Fight over methane plant in West Louisville turns racial - WDRB 41 Louisville News

Fight over methane plant in West Louisville turns racial

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A rendering of the planned biodigester. A rendering of the planned biodigester.
The building that was supposed to be donated to Simmons College of Kentucky as part of the deal. The building that was supposed to be donated to Simmons College of Kentucky as part of the deal.

LOUISVILLE, Ky. (WDRB) -- The fight over a methane plant in West Louisville is turning into a racial debate. It's coming down to three things: money, property and control.

Faith, education and activist groups forming the West Louisville First organization rallied Monday at the corner of 17th and Maple Streets, the site of a proposed biodigester. The methane plant would turn distillery waste into natural gas. 

"For far to long, the interests of West Louisville have become last on the list," said Rev. Clay Calloway of West Louisville First.

Neighbors have fought to block the project citing safety concerns. Last week, Mayor Greg Fischer's office called a press conference when it looked like a $5 million deal had been reached with several key West Louisville leaders, but it turned into a public fallout. 

"They tried to renege on what they told me they were going to do," said Dr. Kevin Cosby, President of Simmons College of Kentucky.

Neighbors now say they want leaders to live up to the guarantees made for how the project would benefit West Louisville. 

"Do not let anyone back down out of the deal," shouted Rev. Milton Seymore of the Justice Resource Center. "They promised it. You make them keep it."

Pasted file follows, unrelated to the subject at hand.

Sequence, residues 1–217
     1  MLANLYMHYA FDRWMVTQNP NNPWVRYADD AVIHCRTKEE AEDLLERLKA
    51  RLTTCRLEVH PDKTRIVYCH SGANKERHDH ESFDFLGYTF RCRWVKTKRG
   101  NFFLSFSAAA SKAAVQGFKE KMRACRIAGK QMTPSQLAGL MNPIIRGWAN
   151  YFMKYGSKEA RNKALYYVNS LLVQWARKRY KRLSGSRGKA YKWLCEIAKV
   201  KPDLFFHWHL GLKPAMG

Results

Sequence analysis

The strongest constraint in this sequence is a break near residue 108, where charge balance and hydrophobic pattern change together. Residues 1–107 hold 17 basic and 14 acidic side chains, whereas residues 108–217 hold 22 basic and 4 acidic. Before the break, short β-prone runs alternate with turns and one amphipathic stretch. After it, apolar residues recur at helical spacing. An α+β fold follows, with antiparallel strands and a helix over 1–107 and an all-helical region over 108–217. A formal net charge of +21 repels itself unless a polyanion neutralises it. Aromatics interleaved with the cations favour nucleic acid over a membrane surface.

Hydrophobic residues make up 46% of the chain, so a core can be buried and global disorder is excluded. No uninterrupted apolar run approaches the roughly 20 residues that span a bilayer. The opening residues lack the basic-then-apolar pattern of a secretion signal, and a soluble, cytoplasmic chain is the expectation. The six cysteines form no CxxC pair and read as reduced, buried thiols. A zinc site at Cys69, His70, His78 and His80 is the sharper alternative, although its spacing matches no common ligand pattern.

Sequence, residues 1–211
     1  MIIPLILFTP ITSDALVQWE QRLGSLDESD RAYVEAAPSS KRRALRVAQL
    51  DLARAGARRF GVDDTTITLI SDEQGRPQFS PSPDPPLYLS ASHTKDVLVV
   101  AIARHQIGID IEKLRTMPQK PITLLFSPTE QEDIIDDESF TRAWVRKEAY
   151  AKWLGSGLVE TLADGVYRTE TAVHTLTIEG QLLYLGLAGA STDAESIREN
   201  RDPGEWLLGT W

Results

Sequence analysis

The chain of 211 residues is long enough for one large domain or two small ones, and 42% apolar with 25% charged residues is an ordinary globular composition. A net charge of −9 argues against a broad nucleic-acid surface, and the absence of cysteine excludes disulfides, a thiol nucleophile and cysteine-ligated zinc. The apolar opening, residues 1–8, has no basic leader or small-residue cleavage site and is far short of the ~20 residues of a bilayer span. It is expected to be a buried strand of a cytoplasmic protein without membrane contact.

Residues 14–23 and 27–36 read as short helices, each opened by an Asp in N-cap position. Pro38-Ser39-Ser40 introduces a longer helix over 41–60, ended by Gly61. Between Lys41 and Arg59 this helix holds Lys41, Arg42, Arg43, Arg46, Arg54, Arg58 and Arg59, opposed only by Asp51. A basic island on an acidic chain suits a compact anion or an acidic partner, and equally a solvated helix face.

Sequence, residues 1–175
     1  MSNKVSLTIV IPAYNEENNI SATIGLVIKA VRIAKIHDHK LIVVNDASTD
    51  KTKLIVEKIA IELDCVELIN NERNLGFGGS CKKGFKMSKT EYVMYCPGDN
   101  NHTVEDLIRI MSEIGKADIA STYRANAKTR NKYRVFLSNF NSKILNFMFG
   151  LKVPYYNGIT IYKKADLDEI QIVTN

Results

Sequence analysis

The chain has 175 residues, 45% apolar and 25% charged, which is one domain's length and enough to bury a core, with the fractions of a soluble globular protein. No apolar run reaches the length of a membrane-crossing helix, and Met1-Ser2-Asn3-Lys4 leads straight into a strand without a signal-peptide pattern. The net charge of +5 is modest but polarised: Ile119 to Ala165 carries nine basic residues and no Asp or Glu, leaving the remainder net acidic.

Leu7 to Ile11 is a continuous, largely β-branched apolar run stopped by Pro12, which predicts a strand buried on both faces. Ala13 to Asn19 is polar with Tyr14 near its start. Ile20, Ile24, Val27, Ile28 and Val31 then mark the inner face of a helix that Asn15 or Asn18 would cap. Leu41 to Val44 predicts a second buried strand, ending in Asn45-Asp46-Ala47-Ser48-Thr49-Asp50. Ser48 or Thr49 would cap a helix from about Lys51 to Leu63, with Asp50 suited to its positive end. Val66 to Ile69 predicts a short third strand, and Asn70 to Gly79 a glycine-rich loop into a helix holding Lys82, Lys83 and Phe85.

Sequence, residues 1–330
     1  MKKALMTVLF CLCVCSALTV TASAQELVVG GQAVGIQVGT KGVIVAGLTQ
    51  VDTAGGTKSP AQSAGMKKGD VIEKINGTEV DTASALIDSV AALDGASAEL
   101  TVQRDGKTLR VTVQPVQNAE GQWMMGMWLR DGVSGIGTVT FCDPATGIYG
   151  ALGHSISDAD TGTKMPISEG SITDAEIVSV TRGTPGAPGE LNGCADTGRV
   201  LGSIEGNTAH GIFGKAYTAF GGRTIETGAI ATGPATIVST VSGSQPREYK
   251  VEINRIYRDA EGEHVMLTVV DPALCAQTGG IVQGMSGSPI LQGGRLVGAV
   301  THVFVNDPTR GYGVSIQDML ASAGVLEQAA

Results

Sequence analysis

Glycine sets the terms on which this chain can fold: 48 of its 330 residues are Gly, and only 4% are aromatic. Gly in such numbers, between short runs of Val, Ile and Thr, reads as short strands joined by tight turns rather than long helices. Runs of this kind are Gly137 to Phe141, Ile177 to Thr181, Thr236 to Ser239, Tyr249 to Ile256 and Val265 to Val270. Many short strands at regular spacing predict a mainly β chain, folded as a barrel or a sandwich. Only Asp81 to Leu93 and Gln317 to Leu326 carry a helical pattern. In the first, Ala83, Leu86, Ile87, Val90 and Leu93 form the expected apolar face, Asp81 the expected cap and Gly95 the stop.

West Louisville First produced a list of 12 demands for the city and the team behind the biodigester project, but really it comes down to just two things: a building and money. The group says Star BioEnergy promised to donate the old Schenley Distillery property near 15th Street and Broadway to Simmons College of Kentucky, along with $1 million for renovation. 

"If this was U of L, or Bellarmine, or Spalding they would have...had this building," said Simmons Student Richard Hughes. "We want what we deserve," Hughes said. "We want what we earned -- and that is this building for the dorms and student center of Simmons College of Kentucky. And if we don't get it, consequences will happen."

Heaven Hill Brands was to give $2.5 million over 10 years to West Louisville. 

Louisville Mayor Greg Fischer praised the donation at his press conference last Thursday."Here's a company ready to step up for the first time in the history of our city," said Fischer. But the deal went downhill at the Nov. 5 media event. The key leaders including Cosby who negotiated with the developers want African Americans to control the millions in corporate donation money.

"We're calling upon Mayor Greg Fischer: that he should not seek to control, manage, reroute or redirect private funds that was intended for Simmons College," said Calloway.

Star BioEnergy and Heaven Hill brand representatives did not return WDRB's requests for comments. 

Late Monday afternoon, Mayor Fischer's office released a statement saying, "The mayor will not appoint members to the foundation or control its funds...He remains optimistic that an agreement will be reached." 

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